On appeal, Boyd argued that the statutory language does not support a separate penalty for each account she should have listed on the FBAR she failed to timely file. Rather, according to Boyd, the statute and regulations provide that a non-willful, untimely but accurate FBAR filing constitutes a single violation subject to a maximum penalty of $10,000. The IRS contended that the wording of 31 C.F.R. Sec. 1010.350(a) makes the obligation to report each account independent of the obligation to file an FBAR, and therefore a taxpayer who fails to report multiple foreign bank accounts commits multiple violations. The IRS further argued that the use of the word "any" before "violation" in 31 U.S.C. Sec. 5321(a)(5)(A) means that more than one violation may occur with respect to a particular FBAR. The IRS also argued that, because Congress amended Section 5321 in 2004 to add a willful violation penalty and explicitly based the penalty amount on the balance of any account willfully misreported or non-reported, Congress must have intended that the non-willful violation also based the penalty amount on the number of accounts misreported or non-reported. Further, the IRS said that the per-account language in the reasonable cause exception to non-willful violations supported its interpretation.


The Ninth Circuit reversed the district court and held that Boyd committed only one violation by filing a late FBAR. The court found that because Boyd's late-filed FBAR was accurate, she could not have violated Section 1010.350 - the regulation that delineates the content of the FBAR. Rather, Boyd violated only Section 1010.306, since her FBAR for 2010 was due by June 30, 2011, and she did not file it until 2012. Thus, the court held that under the statutory and regulatory scheme, Boyd committed a single non-willful violation, i.e., the failure to timely file the FBAR. The court also disagreed that the word "any" in 31 U.S.C. Sec. 5321(a)(5)(A) meant that more than one violation could occur with respect to one FBAR. The court said that the statute simply refers to the relevant regulations that prescribe how the provisions in Section 5314 may be violated.

The court also rejected the IRS's argument that Congress intended to impose multiple non-willful violations for the filing of a single FBAR by basing the willful violation penalty provision on the balance of any account willfully misreported or non-reported. In the court's view, the fact that Congress amended Section 5321 in 2004 to extend the existing penalties to non-willful violations, but omitted the per-account language from the non-willful penalty provisions, suggested that Congress did not intend for the penalty to apply on a per-account basis. The court also thought that, contrary to the IRS's argument, the inclusion of per-account language in the reasonable cause exception supported the view the Congress intentionally omitted such language from the non-willful penalty provision. The court concluded that the non-willful penalty provision allows the IRS to assess one penalty not to exceed $10,000 per violation, and nothing in the statute or regulations suggested that the penalty may be calculated on a per-account basis for a single failure to file a timely FBAR that is otherwise accurate.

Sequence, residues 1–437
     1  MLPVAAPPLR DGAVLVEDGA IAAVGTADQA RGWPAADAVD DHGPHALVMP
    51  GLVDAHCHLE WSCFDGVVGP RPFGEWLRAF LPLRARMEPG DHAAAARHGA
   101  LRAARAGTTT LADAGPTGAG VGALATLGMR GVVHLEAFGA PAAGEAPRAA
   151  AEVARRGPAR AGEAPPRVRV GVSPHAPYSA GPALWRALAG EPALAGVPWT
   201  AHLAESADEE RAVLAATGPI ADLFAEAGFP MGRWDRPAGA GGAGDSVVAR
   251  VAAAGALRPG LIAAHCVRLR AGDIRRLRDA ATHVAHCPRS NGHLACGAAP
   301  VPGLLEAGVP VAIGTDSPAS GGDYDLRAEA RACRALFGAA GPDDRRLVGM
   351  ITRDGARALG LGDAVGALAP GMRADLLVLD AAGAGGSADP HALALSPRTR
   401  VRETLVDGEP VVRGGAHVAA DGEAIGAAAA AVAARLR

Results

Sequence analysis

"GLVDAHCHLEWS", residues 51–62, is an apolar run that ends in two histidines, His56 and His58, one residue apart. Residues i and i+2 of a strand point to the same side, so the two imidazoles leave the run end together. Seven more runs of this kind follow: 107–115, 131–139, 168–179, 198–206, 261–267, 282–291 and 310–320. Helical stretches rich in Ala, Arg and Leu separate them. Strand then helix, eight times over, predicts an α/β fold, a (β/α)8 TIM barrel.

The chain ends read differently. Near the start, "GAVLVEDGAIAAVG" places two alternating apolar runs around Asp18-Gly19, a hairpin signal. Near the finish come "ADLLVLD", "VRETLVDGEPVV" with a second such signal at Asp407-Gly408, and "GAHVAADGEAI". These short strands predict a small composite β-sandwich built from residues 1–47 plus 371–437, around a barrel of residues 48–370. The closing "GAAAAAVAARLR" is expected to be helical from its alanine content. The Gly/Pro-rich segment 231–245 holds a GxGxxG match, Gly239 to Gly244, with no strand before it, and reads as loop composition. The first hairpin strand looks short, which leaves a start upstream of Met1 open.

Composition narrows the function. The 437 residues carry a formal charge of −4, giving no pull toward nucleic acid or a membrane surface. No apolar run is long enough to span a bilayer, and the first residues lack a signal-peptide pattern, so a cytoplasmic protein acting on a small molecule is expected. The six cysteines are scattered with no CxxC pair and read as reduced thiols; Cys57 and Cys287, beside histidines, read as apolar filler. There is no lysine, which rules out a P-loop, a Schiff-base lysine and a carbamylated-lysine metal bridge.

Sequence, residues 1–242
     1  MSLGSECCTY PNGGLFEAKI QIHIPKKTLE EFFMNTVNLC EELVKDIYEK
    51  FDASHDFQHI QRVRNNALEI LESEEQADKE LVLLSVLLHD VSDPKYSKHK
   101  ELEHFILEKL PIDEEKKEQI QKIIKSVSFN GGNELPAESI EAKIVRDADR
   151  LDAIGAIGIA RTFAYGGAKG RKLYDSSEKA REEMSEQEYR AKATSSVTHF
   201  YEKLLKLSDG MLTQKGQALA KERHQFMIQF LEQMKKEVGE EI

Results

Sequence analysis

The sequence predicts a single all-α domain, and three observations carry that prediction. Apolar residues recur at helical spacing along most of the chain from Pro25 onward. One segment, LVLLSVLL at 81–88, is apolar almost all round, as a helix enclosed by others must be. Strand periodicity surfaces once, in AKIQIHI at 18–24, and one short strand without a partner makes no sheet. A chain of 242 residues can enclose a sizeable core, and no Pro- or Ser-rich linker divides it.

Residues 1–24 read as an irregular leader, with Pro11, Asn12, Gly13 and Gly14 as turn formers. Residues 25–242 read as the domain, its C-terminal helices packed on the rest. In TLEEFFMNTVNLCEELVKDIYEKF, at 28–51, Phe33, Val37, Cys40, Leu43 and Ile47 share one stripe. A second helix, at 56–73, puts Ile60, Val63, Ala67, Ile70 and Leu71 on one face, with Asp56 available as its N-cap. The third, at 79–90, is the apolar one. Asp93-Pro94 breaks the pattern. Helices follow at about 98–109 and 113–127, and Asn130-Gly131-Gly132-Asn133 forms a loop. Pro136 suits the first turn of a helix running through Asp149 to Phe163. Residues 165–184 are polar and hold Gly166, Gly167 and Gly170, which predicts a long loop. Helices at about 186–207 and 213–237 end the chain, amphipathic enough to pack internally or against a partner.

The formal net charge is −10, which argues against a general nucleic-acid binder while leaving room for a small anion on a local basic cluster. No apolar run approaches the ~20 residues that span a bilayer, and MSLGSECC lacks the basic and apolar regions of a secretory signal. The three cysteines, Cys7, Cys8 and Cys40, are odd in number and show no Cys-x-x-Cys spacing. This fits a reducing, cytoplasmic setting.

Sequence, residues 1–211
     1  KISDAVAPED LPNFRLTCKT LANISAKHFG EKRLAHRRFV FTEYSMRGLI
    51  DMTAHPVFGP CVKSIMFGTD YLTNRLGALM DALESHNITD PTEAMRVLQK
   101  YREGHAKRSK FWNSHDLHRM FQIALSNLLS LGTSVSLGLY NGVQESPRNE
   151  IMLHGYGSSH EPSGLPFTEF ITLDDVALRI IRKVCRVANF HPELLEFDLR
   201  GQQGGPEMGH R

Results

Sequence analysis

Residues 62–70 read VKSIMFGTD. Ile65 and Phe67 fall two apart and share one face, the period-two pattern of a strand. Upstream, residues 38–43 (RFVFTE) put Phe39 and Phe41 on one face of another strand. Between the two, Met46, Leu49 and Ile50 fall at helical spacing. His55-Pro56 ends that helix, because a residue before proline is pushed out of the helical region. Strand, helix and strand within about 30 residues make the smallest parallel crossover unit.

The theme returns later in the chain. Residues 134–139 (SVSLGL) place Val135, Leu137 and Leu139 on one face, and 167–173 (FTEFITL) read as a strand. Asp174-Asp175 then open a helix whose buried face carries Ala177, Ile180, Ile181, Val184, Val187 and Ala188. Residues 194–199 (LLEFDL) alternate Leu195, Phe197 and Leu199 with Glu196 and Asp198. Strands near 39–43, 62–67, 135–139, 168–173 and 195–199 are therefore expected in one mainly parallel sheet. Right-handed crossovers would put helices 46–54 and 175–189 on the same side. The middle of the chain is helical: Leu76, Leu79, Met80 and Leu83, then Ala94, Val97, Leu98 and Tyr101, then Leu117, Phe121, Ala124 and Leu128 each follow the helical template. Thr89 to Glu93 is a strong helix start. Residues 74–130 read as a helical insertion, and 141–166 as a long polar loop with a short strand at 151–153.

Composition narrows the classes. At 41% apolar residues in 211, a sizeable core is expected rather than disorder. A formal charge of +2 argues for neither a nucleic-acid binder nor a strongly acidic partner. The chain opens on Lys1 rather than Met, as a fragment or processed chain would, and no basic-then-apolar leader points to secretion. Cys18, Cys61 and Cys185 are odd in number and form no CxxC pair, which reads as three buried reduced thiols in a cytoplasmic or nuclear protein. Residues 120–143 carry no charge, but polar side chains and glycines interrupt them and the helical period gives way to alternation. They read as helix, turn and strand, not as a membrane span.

Observation: In a dissenting opinion, one judge said it was clear from the statute and regulations that any failure to report a foreign account is an independent violation, subject to independent penalties. The dissenting judge thought that the majority was conflating the "report" that a person must make, which means the timely reporting of the existence of each account, with the "reporting form" required by the regulations, i.e., the FBAR.

For a discussion of the requirement to report foreign bank accounts, see Parker Tax ¶203,170.

Disclaimer: This publication does not, and is not intended to, provide legal, tax or accounting advice, and readers should consult their tax advisors concerning the application of tax laws to their particular situations. This analysis is not tax advice and is not intended or written to be used, and cannot be used, for purposes of avoiding tax penalties that may be imposed on any taxpayer. The information contained herein is general in nature and based on authorities that are subject to change. Parker Tax Publishing guarantees neither the accuracy nor completeness of any information and is not responsible for any errors or omissions, or for results obtained by others as a result of reliance upon such information. Parker Tax Publishing assumes no obligation to inform the reader of any changes in tax laws or other factors that could affect information contained herein.